International Business Machines Corp. obtained a record-low 1.875 percent coupon on $1 billion of 10-year bonds, the least for dollar-denominated debt of that maturity.
The world’s largest computer-services provider sold the debt at 98.398 cents on the dollar to yield 2.053 percent, or a relative yield of 65 basis points more than similar-maturity Treasuries, according to data compiled by Bloomberg.
The coupon beat the previous 2 percent record held by 3M Co.’s 10-year notes sold on June 21, Bloomberg data show. A basis point is 0.01 percentage point.
“The yield is reflective of the overall bond market environment, with Treasuries sitting at an all-time record-low yield,” said Anthony Valeri, a market strategist in San Diego at LPL Financial, in a telephone interview. “IBM picked the perfect time to come to market.”
The benchmark 10-year Treasury note’s yield dropped as low as 1.38 percent today.
IBM also shares the record low with Sysco Corp. for three-year debt with its 0.55 percent bonds due February 2015.
The new debt may be rated Aa3, the fourth-highest level of investment grade, by Moody’s Investors Service. Proceeds will go toward general corporate purposes, said Doug Shelton, an IBM spokesman, who declined to comment further.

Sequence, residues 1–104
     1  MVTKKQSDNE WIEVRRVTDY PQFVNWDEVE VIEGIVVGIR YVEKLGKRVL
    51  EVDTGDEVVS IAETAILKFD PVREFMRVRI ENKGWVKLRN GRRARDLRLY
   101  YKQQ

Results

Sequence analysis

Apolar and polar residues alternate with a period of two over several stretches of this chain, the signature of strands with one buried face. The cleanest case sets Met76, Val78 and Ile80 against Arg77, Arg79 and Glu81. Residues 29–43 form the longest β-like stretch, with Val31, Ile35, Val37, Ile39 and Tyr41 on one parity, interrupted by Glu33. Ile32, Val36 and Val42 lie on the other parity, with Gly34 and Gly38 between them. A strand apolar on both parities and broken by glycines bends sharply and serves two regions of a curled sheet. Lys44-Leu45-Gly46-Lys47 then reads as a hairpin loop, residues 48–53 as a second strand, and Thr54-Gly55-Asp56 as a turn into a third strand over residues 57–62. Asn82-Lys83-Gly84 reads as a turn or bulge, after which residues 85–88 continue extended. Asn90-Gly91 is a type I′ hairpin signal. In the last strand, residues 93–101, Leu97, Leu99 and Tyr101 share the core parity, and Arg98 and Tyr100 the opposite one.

BNP Paribas SA, Citigroup Inc., Deutsche Bank AG and UBS AG managed the sale, according to Bloomberg data.
IBM last sold 10-year bonds in October 2011, issuing $500 million of 2.9 percent debt to yield 62.5 basis points more than benchmarks, Bloomberg data show. The Armonk, New York-based company’s securities traded at 108.34 cents on the dollar to yield 1.91 percent on July 19, according to Trace, the bond-price reporting system of the Financial Industry Regulatory Authority.
IBM is “a fresh name in the 10-year space,” Valeri said. “You give the market a liquid 10-year issue, and it kind of sells itself when you have a solid name like IBM.”